What James Cameron's Version Of Jurassic Park Might Have Looked Like
Spielberg beat Cameron to the film rights by 'a few hours.' If he'd called earlier, Jurassic Park could've turned out very differently.
Steven Spielberg and James Cameron have the distinction of being the only two directors to have broken the record for highest-grossing movie ever made more than once. Cameron has broken the record twice, with Titanic and Avatar, while Spielberg has broken it a whopping three times with Jaws, E.T., and Jurassic Park. But the only reason that last movie was directed by Spielberg and not Cameron was a little twist of fate.
While at the opening of the Titanic Museum in Belfast back in 2012, Cameron revealed that he actually wanted to direct Jurassic Park himself. He read Michael Crichton’s source material, envisioned a film adaptation, called the publisher to ask about picking up the rights, and was met with some bad news. Cameron explained, “I tried to buy the book rights and [Spielberg] beat me to it by a few hours.”
Whether Spielberg or Cameron directed the movie is about much more than whose name appears in the end credits. While they’ve both broken their fair share of ground in the world of visual effects, Spielberg and Cameron have very different filmmaking styles. Spielberg’s alien movie has a mild-mannered dad recreating Devil's Tower with mashed potatoes; Cameron’s alien movie has Marines being torn to shreds on a distant planet. Spielberg’s robot movie is essentially Pinocchio with artificial intelligence; Cameron’s robot movie has a police station massacre.
At the time, Cameron said, “When I saw the film, I realized that I was not the right person to make [Jurassic Park]. He was, because he made a dinosaur movie for kids, and mine would’ve been Aliens with dinosaurs, and that wouldn’t have been fair. Dinosaurs are for eight-year-olds.” When Spielberg read Jurassic Park, he envisioned a movie for the whole family, but when Cameron read it, he saw a dark, violent, bloody movie for grownups.
Spielberg sanitized a lot of the book’s violence. In the book, Nedry carries his own intestines after his initial attack. Muldoon cuts a raptor in half with a rocket launcher. John Hammond is eaten alive by a group of compys. If Spielberg didn’t tone down the violence and adapted the book faithfully, it couldn’t hope to avoid an R rating. Cameron’s plan was to lean into the graphic, brutal nature of Crichton’s source material: “I’d have gone further, nastier, much nastier.” One gruesome death scene that Spielberg was going to leave in was Samuel L. Jackson’s character, but bad weather prevented Jackson from flying out to the set. So, in the final movie, his death is merely implied by the presence of his severed arm.
It seems that the main difference between Spielberg’s Jurassic Park and Cameron’s Jurassic Park is that Spielberg aimed for a PG-13 rating and Cameron would’ve aimed for an R rating. “Aliens with dinosaurs” is the key descriptor. Cameron’s sequel to Ridley Scott’s 1979 horror masterpiece Alien is defined by its hard-R violence, nonstop grisly spectacle, and overwhelming sense of sheer terror. But it also has plenty of thought-provoking sci-fi storytelling that’s often overlooked. Carter Burke’s attempt to impregnate Ripley or Newt with a xenomorph so he can bring it home is similar to John Hammond playing God by cloning dinosaurs for an amusement park.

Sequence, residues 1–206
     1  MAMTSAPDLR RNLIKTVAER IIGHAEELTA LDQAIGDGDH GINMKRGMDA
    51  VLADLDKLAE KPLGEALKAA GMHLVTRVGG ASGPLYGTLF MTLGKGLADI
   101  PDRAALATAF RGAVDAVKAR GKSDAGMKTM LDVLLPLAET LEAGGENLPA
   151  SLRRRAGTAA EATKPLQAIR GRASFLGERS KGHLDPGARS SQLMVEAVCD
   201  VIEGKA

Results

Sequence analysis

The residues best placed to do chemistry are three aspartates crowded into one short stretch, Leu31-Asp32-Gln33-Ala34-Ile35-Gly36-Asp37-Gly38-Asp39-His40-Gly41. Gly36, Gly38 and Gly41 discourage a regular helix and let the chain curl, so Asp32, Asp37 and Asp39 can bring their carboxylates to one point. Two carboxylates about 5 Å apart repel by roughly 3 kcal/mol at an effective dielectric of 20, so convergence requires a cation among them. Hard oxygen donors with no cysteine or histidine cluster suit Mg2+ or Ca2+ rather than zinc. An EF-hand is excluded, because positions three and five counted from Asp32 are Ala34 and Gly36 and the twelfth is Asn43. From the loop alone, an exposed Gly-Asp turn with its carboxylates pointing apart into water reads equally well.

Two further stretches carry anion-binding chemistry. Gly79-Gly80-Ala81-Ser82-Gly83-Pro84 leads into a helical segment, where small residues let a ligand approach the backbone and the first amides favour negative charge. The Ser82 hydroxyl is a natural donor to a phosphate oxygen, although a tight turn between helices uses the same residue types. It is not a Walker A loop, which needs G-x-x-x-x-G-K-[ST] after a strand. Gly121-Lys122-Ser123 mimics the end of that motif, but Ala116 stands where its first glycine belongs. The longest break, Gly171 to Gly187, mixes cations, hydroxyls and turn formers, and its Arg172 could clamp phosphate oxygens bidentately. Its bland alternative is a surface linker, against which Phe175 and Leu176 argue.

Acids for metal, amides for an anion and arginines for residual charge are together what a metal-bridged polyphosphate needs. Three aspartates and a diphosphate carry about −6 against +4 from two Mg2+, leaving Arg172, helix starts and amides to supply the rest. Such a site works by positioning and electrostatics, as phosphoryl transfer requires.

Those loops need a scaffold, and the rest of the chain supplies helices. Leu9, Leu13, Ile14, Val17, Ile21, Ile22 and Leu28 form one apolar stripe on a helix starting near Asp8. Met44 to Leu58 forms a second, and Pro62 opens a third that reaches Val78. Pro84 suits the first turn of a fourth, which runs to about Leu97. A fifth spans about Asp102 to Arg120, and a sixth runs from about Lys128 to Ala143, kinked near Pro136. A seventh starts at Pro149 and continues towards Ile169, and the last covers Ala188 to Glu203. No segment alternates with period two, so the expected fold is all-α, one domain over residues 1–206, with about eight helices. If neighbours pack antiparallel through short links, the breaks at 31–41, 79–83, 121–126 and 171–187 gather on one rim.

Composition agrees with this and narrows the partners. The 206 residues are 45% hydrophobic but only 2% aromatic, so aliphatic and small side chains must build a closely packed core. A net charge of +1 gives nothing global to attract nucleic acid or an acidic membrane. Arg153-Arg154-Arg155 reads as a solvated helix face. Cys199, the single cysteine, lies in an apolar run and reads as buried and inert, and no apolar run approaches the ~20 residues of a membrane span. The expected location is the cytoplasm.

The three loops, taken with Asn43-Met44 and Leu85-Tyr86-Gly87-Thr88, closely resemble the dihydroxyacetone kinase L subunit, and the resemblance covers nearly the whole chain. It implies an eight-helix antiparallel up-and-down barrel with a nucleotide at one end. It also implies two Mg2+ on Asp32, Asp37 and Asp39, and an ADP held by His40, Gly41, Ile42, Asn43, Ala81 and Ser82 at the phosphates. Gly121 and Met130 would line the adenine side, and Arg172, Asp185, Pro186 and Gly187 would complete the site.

Cameron’s concession that Spielberg was the right filmmaker to helm Jurassic Park hinges on kids’ ability to enjoy it, but kids love Aliens (kids whose parents are cool enough to let them watch Aliens, anyway). As much as ‘90s kids loved Spielberg’s take on Jurassic Park, they probably would’ve lapped up a more blood-soaked version, too.
Spielberg was able to create mountains of tension without excessive on-screen violence in Jurassic Park. While Cameron’s version would’ve relied on boundary-pushing blood and guts to shock the audience, Spielberg terrified audiences across the world with a relatively bloodless PG-13 movie. The scene in which the raptors stalk Lex and Tim through the kitchen is a masterclass in suspense-building. The T. rex attack is both a thrilling midpoint twist and a perfectly crafted set piece. The threat of the raptors outlined by Alan Grant in an early scene is terrifying enough without actually seeing them claw out people’s guts.
It’s tough to say whether Cameron’s version would’ve turned out better than Spielberg’s because Cameron’s version didn’t get any further into development than calling to enquire about the rights, but Spielberg’s version is an untouchable masterpiece. With its revolutionary visual effects (which still hold up today), Jurassic Park is one of the greatest and most groundbreaking movies ever made.
After seeing Spielberg’s film, Cameron conceded that he was the wrong person to adapt Crichton’s novel. His Jurassic Park might’ve been a cool movie, though. In the age of re-imaginings, someone in Hollywood should cook up a blood-drenched, R-rated riff on Jurassic Park with more brutal, realistic dinosaur attacks in line with Cameron’s curious original vision for the Spielberg classic.